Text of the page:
The 2018 Māori Electoral Option has closed, bringing only 1200 more voters on to the Māori roll.
The number of Māori electorates has remained at seven for the past six general elections but according to an electoral roll expert that could drop by one after the Option result.
The Option ran from April 3 to August 2 and gave all enrolled voters of Māori descent the opportunity to be on the Māori roll or general roll.
At the end of the Option, 52.4 per cent of Māori voters were on the Māori roll and 47.6 per cent were on the general roll.
At the start of the Option period those figures were at 52.8 per cent and 47.2 per cent respectively.
There have been net increases of 1200 on the Māori roll and 4015 on the general roll.
These results, alongside the latest census data, will determine the number of Māori seats in Parliament.
Electoral roll expert Graeme Edgeler said there was a small chance the result could mean the numbers of Māori seats in Parliament could drop to six.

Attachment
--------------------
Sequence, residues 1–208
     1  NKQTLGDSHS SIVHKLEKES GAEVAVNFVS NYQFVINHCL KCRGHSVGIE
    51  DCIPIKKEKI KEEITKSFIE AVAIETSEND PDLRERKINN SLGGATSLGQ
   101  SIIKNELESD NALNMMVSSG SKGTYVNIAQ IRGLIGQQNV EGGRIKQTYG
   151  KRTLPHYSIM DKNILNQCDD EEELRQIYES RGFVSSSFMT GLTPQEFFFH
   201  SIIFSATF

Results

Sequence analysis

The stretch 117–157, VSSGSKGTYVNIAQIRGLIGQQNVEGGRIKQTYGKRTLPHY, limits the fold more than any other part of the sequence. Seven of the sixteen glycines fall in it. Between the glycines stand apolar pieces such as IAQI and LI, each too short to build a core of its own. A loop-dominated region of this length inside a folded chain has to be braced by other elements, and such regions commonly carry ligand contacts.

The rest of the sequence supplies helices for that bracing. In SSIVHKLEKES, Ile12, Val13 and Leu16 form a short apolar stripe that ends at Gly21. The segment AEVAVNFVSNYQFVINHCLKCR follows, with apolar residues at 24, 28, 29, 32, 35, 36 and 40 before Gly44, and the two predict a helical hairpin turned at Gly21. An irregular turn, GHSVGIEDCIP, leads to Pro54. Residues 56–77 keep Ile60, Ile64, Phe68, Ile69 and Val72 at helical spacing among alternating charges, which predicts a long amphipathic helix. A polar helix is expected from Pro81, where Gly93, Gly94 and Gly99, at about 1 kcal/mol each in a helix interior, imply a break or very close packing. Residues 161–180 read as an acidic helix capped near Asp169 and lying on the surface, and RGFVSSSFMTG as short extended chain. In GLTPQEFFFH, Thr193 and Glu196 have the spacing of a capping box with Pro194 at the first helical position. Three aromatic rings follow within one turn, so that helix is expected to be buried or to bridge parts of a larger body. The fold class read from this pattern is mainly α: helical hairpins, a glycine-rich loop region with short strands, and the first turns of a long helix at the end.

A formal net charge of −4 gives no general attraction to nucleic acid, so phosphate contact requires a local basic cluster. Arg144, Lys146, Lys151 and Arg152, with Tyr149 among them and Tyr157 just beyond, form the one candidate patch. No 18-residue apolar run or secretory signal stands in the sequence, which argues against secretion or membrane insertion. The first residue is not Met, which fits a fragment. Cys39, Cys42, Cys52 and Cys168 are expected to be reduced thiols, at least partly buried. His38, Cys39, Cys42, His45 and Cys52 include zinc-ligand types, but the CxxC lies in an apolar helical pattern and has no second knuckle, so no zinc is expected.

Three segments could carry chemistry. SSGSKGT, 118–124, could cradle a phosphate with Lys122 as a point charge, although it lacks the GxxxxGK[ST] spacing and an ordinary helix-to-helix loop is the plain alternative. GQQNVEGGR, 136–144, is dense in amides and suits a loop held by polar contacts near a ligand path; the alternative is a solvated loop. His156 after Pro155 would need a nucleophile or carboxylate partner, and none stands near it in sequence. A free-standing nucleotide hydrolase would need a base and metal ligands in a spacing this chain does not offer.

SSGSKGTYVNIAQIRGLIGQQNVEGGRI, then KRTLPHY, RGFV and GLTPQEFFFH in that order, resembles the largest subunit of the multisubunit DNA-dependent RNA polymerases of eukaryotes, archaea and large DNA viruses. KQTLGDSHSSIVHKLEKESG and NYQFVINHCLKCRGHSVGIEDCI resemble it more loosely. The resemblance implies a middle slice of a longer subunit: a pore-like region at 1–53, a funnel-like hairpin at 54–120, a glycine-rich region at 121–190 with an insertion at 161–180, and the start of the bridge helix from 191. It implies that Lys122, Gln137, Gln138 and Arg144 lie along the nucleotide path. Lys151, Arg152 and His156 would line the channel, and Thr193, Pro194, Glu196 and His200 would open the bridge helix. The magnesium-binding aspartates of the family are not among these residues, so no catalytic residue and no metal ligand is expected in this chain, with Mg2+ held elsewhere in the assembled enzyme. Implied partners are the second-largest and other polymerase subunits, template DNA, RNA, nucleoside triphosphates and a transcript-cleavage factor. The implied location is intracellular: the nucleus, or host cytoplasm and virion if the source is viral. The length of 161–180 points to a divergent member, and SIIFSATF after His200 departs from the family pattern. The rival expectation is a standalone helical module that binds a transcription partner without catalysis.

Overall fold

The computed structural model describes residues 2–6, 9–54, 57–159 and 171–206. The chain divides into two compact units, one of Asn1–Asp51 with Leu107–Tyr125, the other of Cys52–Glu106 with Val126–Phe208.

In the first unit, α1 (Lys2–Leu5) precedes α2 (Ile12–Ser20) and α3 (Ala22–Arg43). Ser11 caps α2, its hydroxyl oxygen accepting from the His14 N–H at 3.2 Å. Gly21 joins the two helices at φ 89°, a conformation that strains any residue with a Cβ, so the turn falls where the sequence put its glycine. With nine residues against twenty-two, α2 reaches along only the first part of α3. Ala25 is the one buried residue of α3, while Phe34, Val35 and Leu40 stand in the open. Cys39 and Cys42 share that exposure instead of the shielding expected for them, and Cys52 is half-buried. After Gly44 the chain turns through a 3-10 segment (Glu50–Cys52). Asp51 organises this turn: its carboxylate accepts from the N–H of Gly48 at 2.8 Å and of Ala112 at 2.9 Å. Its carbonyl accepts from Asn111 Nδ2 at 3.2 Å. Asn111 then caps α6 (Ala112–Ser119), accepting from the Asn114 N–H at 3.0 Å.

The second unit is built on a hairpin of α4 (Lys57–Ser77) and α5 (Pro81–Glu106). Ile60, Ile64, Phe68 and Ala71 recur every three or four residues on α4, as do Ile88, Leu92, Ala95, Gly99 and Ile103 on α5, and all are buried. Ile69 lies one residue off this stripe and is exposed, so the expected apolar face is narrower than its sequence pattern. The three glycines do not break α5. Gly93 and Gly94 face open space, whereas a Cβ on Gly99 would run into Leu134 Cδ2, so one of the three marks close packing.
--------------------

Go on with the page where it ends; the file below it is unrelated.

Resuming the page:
More voters were choosing to go on the general roll than the Māori roll, he said.
"The big change isn't at the Māori Option but just the general enrolment pattern that Māori particularly young Māori or Māori who are enrolling for the first time - a lot of them are choosing to go on the general roll," he said.
"It has changed quite a bit since the last Māori Option.
"I think they will still make seven seats overall, but it's close."
But some factors could still have a boosting effect.
"The Māori population is growing faster than the non-Māori population, so if that continues that could see the number of seats go up."
National Manager for Enrolment and Community Engagement Mandy Bohté said about 95 per cent of Māori voters chose to stay on the roll they were already on and there was a small change in the proportion of voters on each roll.
"Of those who opted to change rolls, more moved from the Māori roll to the general roll, and when it came to new enrolments, more opted for the Māori roll," Bohté said.
Recently, Act leader David Seymour unveiled his Smaller Government Bill which proposes to scrap the Māori seats.
Seymour said he thought Māori seats had outsold their use by date and Māori were being over-represented in Parliament - calling the seven Māori MPs "hopeless".